Current and former Tesla employees working in the company's open-air "tent" factory say they felt pressure to take shortcuts to hit aggressive Model 3 production goals,...Technologyread more
The one-to-eight stock split would mean the current number of ordinary shares — which stands at 4 billion — will increase to 32 billion. It comes ahead of a reported Hong Kong...Asia Marketsread more
Minutes from the Reserve Bank of Australia's monetary policy meeting in July showed the central bank was ready to adjust interest rates if required.Asia Marketsread more
The findings by McKinsey and Company come amid a year-long tariff fight between the U.S. and China, which has spilled into areas such as technology and security.China Economyread more
Microsoft's considerable reach into the corporate world isn't something Slack CEO Stewart Butterfield is very concerned about.Technologyread more
In a closed-door meeting at a Manhattan mansion, executives outlined changes to controversial software that was implicated in two crashes.Aerospace & Defenseread more
President Donald Trump and the RNC are picking up key supporters in the business community who did not back him as a candidate in 2016.2020 Electionsread more
Amazon workers in Minnesota and Germany are striking as Prime Day kicks off, in a stand against working conditions and wage practices. The action in Minnesota represents the...Retailread more
Treasury Secretary Steven Mnuchin is raising red flags ahead of Facebook's proposed cryptocurrency launch.Marketsread more
Beto O'Rourke's campaign for the 2020 election raised just $3.6 million in the second quarter of this year, putting him in the lower tier of candidates who have struggled to...2020 Electionsread more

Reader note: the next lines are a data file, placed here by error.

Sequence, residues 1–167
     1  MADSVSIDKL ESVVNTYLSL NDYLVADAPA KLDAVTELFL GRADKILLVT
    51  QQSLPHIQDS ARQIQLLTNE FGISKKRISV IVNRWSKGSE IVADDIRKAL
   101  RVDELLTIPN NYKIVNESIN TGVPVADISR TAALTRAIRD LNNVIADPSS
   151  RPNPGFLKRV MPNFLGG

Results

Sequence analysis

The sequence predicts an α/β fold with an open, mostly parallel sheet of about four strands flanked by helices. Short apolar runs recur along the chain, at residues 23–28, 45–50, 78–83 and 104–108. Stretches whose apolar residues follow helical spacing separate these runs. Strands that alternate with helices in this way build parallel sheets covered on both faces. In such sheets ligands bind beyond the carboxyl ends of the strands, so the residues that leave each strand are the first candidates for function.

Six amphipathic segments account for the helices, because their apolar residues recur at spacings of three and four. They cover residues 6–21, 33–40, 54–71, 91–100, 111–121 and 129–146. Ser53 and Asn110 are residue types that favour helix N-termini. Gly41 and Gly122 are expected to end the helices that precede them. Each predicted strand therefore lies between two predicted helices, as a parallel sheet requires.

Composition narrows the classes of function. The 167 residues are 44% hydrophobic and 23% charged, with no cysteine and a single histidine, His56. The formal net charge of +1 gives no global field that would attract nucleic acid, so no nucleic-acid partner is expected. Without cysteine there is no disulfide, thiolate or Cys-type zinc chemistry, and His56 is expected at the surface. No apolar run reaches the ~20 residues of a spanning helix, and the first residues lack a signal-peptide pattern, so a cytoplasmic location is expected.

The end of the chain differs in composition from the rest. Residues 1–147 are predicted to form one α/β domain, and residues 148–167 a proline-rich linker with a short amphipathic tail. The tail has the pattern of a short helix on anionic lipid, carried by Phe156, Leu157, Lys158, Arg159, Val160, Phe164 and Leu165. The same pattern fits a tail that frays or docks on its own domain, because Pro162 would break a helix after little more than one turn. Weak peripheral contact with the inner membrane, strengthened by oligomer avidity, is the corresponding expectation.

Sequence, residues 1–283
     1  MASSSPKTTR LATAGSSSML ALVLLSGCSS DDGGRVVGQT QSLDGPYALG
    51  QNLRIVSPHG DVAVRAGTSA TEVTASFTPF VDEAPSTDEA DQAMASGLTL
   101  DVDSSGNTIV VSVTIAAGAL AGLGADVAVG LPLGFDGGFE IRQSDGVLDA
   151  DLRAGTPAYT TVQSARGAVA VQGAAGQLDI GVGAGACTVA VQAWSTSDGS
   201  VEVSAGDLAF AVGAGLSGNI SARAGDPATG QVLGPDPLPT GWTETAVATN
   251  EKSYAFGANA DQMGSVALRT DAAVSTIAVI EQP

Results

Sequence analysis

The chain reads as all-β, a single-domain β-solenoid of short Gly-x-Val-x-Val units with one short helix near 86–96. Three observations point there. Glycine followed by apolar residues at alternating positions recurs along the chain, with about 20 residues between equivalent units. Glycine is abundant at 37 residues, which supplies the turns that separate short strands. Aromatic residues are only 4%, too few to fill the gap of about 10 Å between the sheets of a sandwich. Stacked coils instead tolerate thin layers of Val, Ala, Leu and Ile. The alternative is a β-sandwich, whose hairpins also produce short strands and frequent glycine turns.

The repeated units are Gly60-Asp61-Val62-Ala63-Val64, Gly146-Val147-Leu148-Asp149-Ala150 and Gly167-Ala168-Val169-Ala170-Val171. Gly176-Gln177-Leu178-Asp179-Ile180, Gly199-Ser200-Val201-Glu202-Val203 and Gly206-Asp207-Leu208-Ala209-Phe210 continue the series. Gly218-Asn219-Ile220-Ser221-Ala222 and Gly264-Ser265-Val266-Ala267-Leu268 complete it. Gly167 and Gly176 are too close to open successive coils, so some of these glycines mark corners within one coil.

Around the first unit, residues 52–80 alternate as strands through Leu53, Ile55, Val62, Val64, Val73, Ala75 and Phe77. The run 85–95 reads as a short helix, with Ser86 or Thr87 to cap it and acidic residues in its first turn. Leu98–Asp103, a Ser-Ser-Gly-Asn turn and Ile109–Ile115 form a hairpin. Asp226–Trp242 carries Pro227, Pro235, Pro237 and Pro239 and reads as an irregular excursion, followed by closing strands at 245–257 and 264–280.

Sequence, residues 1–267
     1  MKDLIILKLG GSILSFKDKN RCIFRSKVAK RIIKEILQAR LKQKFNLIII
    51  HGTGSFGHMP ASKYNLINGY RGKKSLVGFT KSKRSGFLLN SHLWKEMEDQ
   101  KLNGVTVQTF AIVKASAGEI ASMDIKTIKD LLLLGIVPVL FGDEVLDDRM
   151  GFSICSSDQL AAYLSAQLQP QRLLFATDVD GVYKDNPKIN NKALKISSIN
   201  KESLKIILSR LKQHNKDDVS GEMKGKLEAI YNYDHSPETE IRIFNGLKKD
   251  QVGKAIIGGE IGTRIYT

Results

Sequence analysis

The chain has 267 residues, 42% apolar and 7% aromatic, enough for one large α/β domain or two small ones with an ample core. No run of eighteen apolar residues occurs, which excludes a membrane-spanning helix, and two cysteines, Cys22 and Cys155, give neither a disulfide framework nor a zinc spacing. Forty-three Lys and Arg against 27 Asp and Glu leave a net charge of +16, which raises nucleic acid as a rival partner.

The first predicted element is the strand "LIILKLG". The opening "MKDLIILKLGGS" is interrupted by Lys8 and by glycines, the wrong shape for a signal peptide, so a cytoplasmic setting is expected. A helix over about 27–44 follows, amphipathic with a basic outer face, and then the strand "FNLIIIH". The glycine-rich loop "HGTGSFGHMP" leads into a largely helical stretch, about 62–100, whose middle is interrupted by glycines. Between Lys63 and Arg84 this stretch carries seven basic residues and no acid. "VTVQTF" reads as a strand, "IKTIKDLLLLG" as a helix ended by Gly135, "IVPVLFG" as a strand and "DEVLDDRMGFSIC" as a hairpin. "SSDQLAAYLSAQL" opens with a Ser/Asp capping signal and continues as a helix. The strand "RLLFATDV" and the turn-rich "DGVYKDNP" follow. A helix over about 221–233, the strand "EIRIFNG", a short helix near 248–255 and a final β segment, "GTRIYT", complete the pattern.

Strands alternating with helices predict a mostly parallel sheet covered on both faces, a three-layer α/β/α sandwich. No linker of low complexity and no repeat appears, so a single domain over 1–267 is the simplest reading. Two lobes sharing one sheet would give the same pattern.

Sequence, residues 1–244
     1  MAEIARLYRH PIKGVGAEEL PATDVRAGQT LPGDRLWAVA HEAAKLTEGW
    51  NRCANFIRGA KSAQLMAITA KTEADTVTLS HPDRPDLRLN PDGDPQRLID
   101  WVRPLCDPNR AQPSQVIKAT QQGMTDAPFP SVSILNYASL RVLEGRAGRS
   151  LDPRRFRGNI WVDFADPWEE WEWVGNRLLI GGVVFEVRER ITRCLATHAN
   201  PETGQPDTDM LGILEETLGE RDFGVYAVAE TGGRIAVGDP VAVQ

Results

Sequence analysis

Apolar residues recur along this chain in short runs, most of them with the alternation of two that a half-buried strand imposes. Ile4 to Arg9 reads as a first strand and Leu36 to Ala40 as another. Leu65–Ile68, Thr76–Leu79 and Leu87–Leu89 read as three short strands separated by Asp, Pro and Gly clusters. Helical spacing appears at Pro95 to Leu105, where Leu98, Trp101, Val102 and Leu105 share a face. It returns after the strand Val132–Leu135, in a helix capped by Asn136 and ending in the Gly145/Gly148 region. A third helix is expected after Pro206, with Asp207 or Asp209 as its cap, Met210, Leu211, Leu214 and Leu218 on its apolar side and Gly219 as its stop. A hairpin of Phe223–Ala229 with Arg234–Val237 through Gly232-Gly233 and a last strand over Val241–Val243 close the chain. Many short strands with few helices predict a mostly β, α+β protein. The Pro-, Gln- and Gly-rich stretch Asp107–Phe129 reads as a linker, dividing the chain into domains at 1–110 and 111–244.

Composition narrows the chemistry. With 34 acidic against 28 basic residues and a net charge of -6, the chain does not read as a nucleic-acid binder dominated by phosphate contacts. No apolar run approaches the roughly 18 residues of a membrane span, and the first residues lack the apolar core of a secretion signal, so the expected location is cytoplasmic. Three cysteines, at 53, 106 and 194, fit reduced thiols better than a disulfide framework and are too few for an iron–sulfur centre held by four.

Epstein is accused of sexually exploiting dozens of underage girls from 2002 through 2005 at his New York and Florida residences. He is a former friend of Presidents Donald...Politicsread more
STRASBOURG, April 17 (Reuters) - Latvian Prime Minister Krisjanis Karins pledged on Wednesday to rid the country's banking system of money-laundering "rats" in a year, as the Baltic state faces international pressure over its ability to counter financial crime.
In a speech to European Union lawmakers, Karins also said the best way to address the problem across the bloc was to set up a central supervisor to monitor and tackle money laundering, replacing the patchwork of national watchdogs that have sometimes proved ineffective against cross-border crime.
EU lawmakers and the European Central Bank have repeatedly called for the creation of a new supervisor against financial crime, but many EU governments have opposed the move as they prefer leaving powers at a national level.
Karins said he wanted to turn the Latvian banking system into "the cleanest" in Europe, after its reputation was tarnished by the collapse last year of ABLV, the country's largest bank, amid money-laundering allegations.
Karins said he was confident that in a year's time he could be in a position to provide tips to other Europeans on how to clean up banking systems.
"But it's a little bit like fighting rats. I can make sure that I get the rats out of my house and my house will be clean, but what about my neighbours?" he told lawmakers.
Baltic and Nordic countries are grappling with a huge money-laundering scandal, after allegations the Estonian branch of Danske Bank, Denmark's largest lender, handled 200 billion euros ($226 billion) in suspicious transactions of Russian money between 2007 and 2015.
Sweden's Swedbank has recently been drawn into the scandal, after it was reported that it handled some of the same payments that went through Danske..
"The criminals may have left Latvia for now but they have unfortunately, I'm convinced, not left Europe," Karins said, adding the problem concerned all European states.
Latvia faces a review by international money-laundering standards watchdog Moneyval in the coming months, which some officials fear could label the country as risky, alongside the likes of Serbia and Pakistan..
($1 = 0.8843 euros) (Reporting by Foo Yun Chee in Strasbourg and Clare Roth in Brussels; Writing by Francesco Guarascio; Editing by Mark Potter)